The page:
29 April 2008

Participation in blogging, and church

Bishop Alan’s Blog: How do people use Church (or not)?:
The categories are made up around what you do online. Spectators read blogs, Critics Comment on blogs, Creators originate blogs. Joiners use Facebook et al. You get the idea. An individual can be on several rungs at the same time. Proportions on each rung are vastly different in different cultures. In the US, 25% are creators — in Europe only 10%. 53% of Europeans are inactives, 41% of Americans, only 37% of South Koreans.

OK Team. This method has absolutely no tested validity at all in the field of religious participation, but let's sketch on the back of an envelope. If patterns of church involvement were similar, and for all I know they are, In the UK roughly 70% = 35m people say they are Christians. Most actives would be, er 10% = 3,5m weekly participants. Anglicans would be just under 1m bums on pews a week. Inactives would be 53% = 26,5m. They are.

What do you think the proportions are in your neck of the woods?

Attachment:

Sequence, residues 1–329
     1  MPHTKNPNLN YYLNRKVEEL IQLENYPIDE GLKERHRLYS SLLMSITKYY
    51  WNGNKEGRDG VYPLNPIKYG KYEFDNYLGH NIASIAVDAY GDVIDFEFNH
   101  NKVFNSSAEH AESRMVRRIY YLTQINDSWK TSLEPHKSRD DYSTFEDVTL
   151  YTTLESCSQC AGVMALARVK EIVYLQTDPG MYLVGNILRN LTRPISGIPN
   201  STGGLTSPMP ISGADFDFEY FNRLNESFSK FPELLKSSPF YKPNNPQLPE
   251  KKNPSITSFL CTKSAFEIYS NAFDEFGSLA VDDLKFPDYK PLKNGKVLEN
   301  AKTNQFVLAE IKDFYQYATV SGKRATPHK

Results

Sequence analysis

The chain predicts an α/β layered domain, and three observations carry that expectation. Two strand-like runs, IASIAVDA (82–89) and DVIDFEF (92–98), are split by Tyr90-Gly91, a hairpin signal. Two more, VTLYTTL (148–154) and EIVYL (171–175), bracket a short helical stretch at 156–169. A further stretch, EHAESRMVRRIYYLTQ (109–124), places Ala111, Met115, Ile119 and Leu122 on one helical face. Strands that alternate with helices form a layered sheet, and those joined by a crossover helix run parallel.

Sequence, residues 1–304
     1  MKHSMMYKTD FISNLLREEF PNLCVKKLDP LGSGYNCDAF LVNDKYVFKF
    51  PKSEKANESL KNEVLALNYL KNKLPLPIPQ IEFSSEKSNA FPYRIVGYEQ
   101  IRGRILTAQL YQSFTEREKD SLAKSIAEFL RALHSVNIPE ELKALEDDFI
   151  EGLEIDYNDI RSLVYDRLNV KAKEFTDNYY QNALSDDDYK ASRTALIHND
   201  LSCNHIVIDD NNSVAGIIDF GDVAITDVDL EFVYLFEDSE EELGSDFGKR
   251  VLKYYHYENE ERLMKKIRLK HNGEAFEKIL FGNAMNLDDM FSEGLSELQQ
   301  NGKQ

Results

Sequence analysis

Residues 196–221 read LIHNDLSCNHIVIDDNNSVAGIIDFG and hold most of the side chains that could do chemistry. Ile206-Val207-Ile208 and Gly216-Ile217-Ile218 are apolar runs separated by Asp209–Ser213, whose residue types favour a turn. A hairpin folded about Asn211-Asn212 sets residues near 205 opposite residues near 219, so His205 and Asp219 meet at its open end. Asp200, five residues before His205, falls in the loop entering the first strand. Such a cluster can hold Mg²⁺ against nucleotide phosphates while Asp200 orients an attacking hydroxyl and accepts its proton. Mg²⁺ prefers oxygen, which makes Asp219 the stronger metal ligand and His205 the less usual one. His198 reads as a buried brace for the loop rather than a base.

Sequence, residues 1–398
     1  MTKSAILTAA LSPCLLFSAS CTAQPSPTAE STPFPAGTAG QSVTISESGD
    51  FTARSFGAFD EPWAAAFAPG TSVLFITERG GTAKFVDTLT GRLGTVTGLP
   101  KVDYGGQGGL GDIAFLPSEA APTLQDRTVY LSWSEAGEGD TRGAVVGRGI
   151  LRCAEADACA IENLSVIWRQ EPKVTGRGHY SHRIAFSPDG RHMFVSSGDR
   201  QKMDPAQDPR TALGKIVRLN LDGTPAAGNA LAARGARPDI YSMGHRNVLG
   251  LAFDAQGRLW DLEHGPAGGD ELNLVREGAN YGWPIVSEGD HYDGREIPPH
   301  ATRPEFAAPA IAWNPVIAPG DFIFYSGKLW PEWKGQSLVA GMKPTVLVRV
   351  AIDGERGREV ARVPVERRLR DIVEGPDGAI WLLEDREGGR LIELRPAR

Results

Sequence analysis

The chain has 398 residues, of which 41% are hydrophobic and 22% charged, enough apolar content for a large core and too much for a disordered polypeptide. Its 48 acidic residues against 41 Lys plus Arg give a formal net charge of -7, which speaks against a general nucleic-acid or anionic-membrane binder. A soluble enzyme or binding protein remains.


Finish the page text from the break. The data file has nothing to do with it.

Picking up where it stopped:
Alice said...

I dunno (I don't go to a church), but this analysis could be used for most of the rest of life too, couldn't it? What first springs to mind is participation in doing the work of my housing co-op (which we are all supposed to share), but couldn't we could also use it to look at group conversations and interactions in many different situations?

I might have a think about categorising people I work with when I'm at work tomorrow...

Yewtree said...

I posted a comment at Bishop Alan's blog, mainly asking what exactly do the 75% who say they are Christian mean by it? I bet if you asked them to sign up to the Nicene Creed, they would disagree with half of it.

I go to a Unitarian chapel, and am a member of the Unitarians as well as a Wiccan, but I'm not a Christian.


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